Log in | Register

Runnymede adopts CIL charges

Words: Laura Edgar
Construction Infrastructure Levy / iStock-482489106

Councillors at Runnymede Borough Council have approved a set of community infrastructure levy (CIL) charges that will see developers seeking permission to build within certain areas paying towards the cost of new infrastructure.

Money raised will be used to help fund infrastructure such as improvements to roads, schools, parks and playgrounds, said the council.

From 1 March 2021 plans that propose more than 100 square metres of additional floor space or one or more new homes will need to pay the charge unless they are exempt. There are few exemptions to the charges, including social housing schemes, charitable development and residential exemptions.

Areas of the borough that have a neighbourhood plan in place can have up to 25 per cent of the total payment from an application spent in the area. Up to 15 per cent will be spent in communities that don’t have a neighbourhood plan in place. In both cases, spending would be agreed in consultation with residents where possible, the council explained.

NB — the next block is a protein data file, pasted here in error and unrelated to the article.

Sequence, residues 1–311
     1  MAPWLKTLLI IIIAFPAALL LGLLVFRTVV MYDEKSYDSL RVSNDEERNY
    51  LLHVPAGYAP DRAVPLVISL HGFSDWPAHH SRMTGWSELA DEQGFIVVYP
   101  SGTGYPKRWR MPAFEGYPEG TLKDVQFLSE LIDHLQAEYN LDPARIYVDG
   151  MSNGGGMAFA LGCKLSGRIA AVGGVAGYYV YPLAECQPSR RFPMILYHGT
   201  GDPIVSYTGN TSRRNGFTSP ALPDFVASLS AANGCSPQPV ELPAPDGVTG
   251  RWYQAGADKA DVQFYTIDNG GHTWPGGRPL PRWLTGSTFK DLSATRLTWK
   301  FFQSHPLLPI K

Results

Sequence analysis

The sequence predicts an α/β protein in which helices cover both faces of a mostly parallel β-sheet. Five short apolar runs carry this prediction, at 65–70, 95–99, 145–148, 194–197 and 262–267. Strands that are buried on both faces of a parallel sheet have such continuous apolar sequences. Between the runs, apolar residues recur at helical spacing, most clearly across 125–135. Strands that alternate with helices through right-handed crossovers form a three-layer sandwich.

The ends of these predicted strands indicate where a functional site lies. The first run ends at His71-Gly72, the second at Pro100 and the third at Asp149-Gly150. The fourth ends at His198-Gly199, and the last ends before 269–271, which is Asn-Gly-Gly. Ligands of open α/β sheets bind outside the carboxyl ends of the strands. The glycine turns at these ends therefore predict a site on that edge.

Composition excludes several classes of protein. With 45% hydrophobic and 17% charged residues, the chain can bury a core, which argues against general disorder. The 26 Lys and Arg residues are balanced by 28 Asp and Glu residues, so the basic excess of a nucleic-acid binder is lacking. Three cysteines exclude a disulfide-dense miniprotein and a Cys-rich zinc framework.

There are four communities developing a neighbourhood plan: Englefield Green,
Ottershaw, Thorpe and Virginia Water.

Myles Willingale, chairman of the council’s planning committee, said: “I would encourage all local areas of the borough to think about how they can work together to set up a neighbourhood forum and create a plan. The benefit is significant and a prime example of how the council is supporting local people by giving them a direct way to influence improvements where they live.

“The rules around approving or rejecting planning applications are strict and set by government and local planning policies, but the ability for us to set a charge means there should now be a level of benefit from the majority of successful applications.”

The CIL Charging Schedule can be found here on the Runnymede Borough Council website.

Image credit | iStock